New gadgets push old ones to the trash

Out with the old, in with the new: Upgrading to newer gadgets


Michael Teti, A 24-year-old applied Science Masters student at the University of Toronto, sits by his laptop every year around mid-September refreshing his page in an attempt to pre-order Apple’s newest iPhone.

“Every model is slightly different and I’m always finding out about upcoming features the next one has,” says Teti. “In a way, I feel like I’m a test dummy for Apple’s new phones, all my friends usually decide if they are getting them by testing mine out.”

Apple has released a phone annually since 2007 and have consumers like Teti dishing out their money. Time and time again they disposing of their old phones that quickly diminish in value.

Michael Waldman, a marketing professor at Cornell University in New York, believes that top end firms are just maximizing their profit.

“You can make a good obsolete by introducing a new version of the product. Of course, they’re going to introduce a new product over time. Their incentive to do that is too high from the standpoint of the firm’s own profit,” says Waldman.

“If I sold you a product and you owned this new unit and I come around and invent this new version of the product which will make the value of what you own go down.”

Teti believes the constant release of tech works well for big companies due to the upbringing of our society.

“We are taught that having things will make us happy. I think just one person needs to buy into the latest fads and that fake notion of owning makes us happy can spread pretty quickly.”

How damaging can society’s obsession with tech be to the environment and ourselves?

Up to 90 per cent of the world’s electronic waste is dumped each year. Photo by Joe Amodio

According to the UN environment program up to 90 per cent of the world’s electronic waste is dumped each year. Clayton Miller, vice president of Toronto based electronic recycling company Shift Recycling knows the type of damage colossal amounts of discarded tech can do to the environment.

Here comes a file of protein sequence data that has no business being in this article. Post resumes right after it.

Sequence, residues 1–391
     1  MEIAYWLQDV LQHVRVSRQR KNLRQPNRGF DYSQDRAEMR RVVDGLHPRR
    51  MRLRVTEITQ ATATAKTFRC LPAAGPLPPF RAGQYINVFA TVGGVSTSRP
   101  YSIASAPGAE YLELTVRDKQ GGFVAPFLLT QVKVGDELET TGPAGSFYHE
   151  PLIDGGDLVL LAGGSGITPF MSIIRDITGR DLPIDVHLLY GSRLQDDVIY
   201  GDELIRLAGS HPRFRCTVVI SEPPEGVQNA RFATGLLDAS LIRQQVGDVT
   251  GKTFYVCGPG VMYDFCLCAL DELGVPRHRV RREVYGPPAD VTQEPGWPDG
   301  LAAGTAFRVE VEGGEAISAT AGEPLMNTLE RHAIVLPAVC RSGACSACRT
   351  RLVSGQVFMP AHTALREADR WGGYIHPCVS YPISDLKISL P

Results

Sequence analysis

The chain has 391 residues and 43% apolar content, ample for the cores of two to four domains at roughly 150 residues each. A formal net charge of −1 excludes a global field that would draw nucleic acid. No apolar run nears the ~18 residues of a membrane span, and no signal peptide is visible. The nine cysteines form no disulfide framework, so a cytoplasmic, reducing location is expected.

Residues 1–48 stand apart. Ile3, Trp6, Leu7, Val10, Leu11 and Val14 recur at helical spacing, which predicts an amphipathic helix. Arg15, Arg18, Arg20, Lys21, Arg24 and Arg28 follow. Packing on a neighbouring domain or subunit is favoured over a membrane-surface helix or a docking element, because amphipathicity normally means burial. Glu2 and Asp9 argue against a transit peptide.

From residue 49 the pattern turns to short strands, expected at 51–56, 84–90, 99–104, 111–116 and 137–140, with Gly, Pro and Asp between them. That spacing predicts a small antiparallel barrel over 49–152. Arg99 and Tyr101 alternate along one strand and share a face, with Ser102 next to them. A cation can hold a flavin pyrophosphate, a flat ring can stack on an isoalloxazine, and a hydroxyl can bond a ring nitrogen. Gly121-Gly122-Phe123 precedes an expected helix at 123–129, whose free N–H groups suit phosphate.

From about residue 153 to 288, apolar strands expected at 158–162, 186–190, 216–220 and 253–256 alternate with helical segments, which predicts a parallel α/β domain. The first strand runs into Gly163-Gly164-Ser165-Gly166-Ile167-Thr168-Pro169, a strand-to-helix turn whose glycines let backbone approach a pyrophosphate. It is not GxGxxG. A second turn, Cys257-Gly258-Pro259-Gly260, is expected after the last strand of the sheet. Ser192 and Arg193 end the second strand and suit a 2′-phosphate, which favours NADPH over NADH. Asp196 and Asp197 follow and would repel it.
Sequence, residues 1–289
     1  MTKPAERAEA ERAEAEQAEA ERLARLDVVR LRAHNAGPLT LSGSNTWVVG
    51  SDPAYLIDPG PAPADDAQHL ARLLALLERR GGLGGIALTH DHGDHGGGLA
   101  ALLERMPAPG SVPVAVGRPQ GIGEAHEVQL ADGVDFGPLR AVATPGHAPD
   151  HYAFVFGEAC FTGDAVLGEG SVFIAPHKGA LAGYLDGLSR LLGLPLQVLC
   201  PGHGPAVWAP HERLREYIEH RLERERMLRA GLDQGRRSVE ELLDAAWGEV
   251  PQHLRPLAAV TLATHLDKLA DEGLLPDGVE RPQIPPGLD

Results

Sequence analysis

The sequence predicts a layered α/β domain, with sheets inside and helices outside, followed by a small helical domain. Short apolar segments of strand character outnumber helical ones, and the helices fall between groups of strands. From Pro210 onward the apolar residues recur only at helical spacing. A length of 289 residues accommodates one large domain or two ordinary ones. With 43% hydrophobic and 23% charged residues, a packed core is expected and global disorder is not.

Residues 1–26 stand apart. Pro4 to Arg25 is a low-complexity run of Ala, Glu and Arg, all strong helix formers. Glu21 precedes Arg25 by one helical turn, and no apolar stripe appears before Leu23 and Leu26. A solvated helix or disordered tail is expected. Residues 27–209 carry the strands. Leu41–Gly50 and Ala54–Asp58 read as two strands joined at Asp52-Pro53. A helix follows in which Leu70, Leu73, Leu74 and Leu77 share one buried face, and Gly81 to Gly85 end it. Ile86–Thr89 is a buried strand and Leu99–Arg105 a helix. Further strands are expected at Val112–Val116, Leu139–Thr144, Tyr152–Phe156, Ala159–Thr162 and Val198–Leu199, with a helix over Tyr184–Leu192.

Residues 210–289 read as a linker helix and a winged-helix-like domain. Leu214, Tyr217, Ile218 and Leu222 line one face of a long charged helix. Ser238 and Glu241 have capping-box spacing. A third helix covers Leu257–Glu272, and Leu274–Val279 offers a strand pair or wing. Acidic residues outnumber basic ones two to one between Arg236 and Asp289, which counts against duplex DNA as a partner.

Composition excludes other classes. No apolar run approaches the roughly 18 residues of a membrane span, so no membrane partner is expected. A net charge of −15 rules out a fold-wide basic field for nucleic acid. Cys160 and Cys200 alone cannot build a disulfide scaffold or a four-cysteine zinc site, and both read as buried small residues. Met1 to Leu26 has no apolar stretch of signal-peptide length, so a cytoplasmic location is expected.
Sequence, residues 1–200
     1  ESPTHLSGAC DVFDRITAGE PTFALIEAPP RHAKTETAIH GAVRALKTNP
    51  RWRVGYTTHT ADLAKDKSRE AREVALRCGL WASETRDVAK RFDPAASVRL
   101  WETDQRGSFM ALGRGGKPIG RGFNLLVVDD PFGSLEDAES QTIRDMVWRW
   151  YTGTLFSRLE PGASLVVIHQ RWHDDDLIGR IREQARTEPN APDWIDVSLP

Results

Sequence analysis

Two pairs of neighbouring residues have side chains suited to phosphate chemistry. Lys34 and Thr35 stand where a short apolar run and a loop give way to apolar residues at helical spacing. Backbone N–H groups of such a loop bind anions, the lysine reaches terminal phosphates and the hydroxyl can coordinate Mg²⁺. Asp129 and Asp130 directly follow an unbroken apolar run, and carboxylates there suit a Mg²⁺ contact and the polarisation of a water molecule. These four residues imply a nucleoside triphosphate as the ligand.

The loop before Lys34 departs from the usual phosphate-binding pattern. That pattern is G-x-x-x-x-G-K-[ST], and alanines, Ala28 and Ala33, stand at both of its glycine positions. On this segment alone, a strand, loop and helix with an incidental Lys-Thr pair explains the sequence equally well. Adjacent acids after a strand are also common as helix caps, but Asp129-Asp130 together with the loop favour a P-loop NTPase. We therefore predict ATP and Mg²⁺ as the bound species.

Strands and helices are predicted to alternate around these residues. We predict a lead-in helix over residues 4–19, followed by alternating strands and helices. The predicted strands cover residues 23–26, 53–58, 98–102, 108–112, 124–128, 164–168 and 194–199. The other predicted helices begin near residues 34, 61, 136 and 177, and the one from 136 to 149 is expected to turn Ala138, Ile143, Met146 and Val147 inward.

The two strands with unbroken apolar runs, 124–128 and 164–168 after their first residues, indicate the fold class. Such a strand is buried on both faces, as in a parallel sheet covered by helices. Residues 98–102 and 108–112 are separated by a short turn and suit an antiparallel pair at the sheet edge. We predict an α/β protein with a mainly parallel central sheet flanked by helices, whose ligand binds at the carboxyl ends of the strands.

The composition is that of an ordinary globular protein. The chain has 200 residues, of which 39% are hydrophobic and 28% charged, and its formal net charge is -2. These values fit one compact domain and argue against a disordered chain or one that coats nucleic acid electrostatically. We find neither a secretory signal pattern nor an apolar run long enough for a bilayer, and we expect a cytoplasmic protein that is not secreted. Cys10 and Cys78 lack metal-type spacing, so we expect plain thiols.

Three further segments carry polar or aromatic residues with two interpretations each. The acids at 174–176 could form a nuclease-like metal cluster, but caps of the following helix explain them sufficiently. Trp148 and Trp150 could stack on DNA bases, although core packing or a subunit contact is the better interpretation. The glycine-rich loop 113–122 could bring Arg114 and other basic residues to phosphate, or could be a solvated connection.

“Electronics don’t decompose in a landfill so putting them there means they will be there forever. It can pose particular problems when electronics contain [heavy] metals like mercury and lead which is common in pretty much every monitor or TV,” says Miller.

Shift Recycling gives people an option to dispose his phones in a manner that is safe for the environment.

“Shift Recycling processes everything here in the GTA and we do it to the highest standard through manual and mechanical processing,” says Miller.

Teti says he doesn’t use any e-waste method when throwing out his phones or obsolete devices.

“I just kind of throw it out. Not many people know about throwing out your tech in the garbage the right way. I don’t.”

While millennials cycling through their tech has more of an impact abroad, there are greater risks with our increased obsession with everyday devices that hit closer to home.

Doctor James A. Roberts a marketing professor at Baylor University in Texas and author of Too Much of a Good Thing, a book about the increasing number of people addicted to their smartphones.

“When someone looks at their smartphone they will see that it can negatively affect their well-being, examples are stress, anxiety, depression, personal relationship and productivity at school or work,” says Roberts. “If your phone use causes conflict or you have tried to stop but can’t you’re likely addicted to your smartphone.”

Apple has released a phone annually since 2007 and has consumers dishing out their money. Photo by Joe Amodio

If you’re already addicted to a smartphone device Roberts suggests above all to seek a mental health specialist but provides helpful solutions that he calls “hair of the dog” and “high-tech shaming” amongst other methods of approaching the addiction alone.

“Download an app that will monitor and restrict your smartphone use. It’s using technology against itself. Having other people know your smart phone use habits can be enough to turn it around,” says Roberts. “You can also set up smartphone free times where smartphone use is prohibited.”

Teti does not believe he is addicted to his smartphone but does admit to using it often.

“Smartphones have the ability to do so much. I can use my phone to help me stay organized at school I can use it to play games, I can pretty much make use of it no matter what I’m doing,” says the applied science student.


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